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Track(s) taken from CDA67453

The Bassoon 'Humorous Song'

after Mendelssohn's 'Spring Song', Lieder ohne Worte V, Op 62 No 6

Laurence Perkins (bassoon), Richard Suart (baritone), New London Orchestra, Ronald Corp (conductor)
Studio Master FLAC & ALAC downloads available
Studio Master:
Studio Master:
Recording details: July 2003
St Jude-on-the-Hill, Hampstead Garden Suburb, London, United Kingdom
Produced by Andrew Keener
Engineered by Will Brown & Simon Eadon
Release date: November 2004
Total duration: 3 minutes 28 seconds


'… one of the jolliest CDs to have crossed my desk in ages … the indefatigable Perkins has assembled some genuine rarities for our delight' (The Mail on Sunday)

'Perkins is a compelling advocate of the instrument, not only in his painstaking work as orchestrator and arranger, and his enthusiastic and well-researched booklet notes, but most of all in his playing … This is a delightful disc which will be of interest to a much wider audience than merely the bassoon-crazy' (International Record Review)

'Perkins is an excellent bassoonist who managed to collect some interesting and unusual pieces for his instrument, arranging others himself. His enthusiasm for the repertoire and the bassoon itself are immediately apparent. He plays with a spontaneity that makes us entirely forget technique, so that we never feel like we are witnessing a feat of bravura. His beautiful sound and effortless dexterity all work towards making the music gently caress the ear' (Fanfare, USA)

'I admire Perkins' playing very much; it is expressive and highly polished' (Classical Music Web)

'The playing here is not just comical (where required), it's also very beautiful—a lovely example of music-making' (Manchester Evening News)
J Quenton Ashlyn’s humorous song The Bassoon, with its mildly outrageous lyrics and bassoon-fuelled innuendos, has understandably been very popular amongst bassoonists for many years. However, virtually nothing is known about the composer. He was a singer and songwriter (presumably based in London) working in the music halls in the late nineteenth and early twentieth centuries – several of his songs were issued by various publishers, including Just at that Critical Moment, The Ladies, Marriage à la Mandoline and Very Embarrasing, Very!. One of the songs, published between about 1895 and 1900, shows a photograph of him aged about thirty-five to forty years old, but beyond this there appears to be virtually no information about Ashlyn. The internet reveals nothing useful, the British Library has the published songs but no details, the PRS/MCPS copyright database contains no useful information, an in-depth search of the Stationer’s Hall entries at the Public Records Office in London produced nothing (he is not even listed in the 1901 census, which suggests that the name is a pseudonym), and searches of music publishers’ archives revealed nothing beyond the fact that his name began with ‘J’. An appeal for information from anyone who knew Ashlyn or knew of him, sent to every relevant national and regional newspaper in Britain, produced nothing. We do not even know his birth and death dates. All we know about the song is that it was originally published by Reynolds (a popular and prolific London-based song publisher in the late nineteenth century), and first appeared in about 1900. We can be confident in assuming that he did not play the bassoon, as the song does not offer a bassoon part – the bassoon ‘cue’ in the printed music is simply ‘pom, pom, pom’ in the lyrics! Why he wrote it, or who played the bassoon with him when he performed this song, is not known. Nevertheless, it is a hugely entertaining ditty that establishes beyond doubt the role of the bassoon as the leading instrument in the orchestra, a valuable asset when wooing your lover and a vital accessory around the home! What more could one ask for?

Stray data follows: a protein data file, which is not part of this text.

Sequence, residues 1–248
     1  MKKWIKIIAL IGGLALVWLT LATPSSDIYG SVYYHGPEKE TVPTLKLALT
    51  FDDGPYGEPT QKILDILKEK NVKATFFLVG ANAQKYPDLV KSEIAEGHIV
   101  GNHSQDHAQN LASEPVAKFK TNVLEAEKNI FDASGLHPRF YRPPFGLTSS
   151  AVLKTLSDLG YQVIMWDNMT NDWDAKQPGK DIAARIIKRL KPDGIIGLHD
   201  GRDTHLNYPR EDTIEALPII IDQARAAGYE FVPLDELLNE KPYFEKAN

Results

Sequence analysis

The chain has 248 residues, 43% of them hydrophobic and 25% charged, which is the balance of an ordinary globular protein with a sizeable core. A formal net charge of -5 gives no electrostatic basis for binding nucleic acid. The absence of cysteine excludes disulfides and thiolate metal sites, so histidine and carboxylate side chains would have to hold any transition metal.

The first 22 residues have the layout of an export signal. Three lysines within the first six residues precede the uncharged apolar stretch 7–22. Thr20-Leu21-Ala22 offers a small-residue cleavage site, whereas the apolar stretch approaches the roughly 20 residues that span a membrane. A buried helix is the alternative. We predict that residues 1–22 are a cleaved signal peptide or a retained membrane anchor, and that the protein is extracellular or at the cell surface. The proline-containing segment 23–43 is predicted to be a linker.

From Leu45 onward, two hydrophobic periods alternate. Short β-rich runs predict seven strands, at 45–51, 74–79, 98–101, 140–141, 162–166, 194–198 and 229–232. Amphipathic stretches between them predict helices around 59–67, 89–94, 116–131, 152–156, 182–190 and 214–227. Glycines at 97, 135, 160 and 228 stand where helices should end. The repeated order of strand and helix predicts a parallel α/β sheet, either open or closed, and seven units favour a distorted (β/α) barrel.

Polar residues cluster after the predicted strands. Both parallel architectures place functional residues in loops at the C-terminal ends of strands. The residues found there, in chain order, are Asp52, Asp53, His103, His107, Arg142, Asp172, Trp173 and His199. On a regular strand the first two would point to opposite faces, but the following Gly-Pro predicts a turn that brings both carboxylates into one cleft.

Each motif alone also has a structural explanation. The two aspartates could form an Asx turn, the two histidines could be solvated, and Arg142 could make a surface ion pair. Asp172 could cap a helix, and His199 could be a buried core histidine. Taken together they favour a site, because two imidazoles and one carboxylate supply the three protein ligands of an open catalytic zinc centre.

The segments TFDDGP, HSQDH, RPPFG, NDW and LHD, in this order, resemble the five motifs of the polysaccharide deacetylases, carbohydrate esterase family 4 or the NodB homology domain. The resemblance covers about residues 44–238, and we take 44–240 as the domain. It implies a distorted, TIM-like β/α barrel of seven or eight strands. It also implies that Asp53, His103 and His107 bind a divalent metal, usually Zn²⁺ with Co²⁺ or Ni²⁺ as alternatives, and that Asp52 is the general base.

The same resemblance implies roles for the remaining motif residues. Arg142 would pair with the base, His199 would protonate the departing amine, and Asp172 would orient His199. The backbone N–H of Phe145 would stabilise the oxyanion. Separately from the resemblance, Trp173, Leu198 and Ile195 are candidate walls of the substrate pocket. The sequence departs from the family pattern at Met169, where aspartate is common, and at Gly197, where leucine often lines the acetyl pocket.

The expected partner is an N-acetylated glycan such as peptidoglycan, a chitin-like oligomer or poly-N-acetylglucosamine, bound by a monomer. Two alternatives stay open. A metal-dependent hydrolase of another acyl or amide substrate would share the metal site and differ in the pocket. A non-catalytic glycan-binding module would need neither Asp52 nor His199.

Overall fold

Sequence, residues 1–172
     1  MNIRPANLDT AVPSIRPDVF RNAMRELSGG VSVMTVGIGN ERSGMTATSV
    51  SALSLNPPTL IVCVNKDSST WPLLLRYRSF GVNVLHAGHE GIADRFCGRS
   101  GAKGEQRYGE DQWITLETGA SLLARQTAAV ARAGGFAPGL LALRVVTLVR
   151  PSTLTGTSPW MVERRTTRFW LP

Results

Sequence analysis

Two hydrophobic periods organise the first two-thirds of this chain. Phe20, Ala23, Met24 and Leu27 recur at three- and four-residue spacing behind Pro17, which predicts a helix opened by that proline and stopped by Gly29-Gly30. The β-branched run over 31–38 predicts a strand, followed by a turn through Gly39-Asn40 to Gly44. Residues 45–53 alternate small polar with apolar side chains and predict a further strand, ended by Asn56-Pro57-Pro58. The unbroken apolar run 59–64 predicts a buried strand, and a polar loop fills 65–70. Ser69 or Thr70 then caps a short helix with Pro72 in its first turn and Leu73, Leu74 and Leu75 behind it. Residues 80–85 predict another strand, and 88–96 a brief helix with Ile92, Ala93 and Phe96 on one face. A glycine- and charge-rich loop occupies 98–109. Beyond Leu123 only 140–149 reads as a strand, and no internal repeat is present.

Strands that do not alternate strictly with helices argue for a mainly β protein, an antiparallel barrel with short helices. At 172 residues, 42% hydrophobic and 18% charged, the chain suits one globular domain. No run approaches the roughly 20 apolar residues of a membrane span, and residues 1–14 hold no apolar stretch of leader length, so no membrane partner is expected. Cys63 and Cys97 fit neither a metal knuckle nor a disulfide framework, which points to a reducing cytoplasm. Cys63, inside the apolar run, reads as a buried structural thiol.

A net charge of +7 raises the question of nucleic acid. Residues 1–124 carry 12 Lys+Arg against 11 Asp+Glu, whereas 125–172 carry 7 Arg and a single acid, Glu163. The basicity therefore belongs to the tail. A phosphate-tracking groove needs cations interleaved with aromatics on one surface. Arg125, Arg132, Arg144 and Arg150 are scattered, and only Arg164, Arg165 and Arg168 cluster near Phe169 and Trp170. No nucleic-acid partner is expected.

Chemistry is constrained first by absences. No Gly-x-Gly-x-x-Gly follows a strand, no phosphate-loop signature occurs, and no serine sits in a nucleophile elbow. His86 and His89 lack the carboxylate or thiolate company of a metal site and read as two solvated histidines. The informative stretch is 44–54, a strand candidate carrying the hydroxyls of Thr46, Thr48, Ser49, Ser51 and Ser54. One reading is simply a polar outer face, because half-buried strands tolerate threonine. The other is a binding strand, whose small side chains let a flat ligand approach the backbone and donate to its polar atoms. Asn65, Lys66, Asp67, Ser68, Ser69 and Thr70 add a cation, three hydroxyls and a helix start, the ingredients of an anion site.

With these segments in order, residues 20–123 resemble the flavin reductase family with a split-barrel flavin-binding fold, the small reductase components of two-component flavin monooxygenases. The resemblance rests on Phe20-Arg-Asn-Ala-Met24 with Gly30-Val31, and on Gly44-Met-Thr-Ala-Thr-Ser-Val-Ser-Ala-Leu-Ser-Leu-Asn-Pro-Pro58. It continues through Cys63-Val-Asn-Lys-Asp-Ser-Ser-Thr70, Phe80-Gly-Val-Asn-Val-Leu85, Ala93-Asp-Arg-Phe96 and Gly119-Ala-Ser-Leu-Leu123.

from notes by Laurence Perkins © 2004

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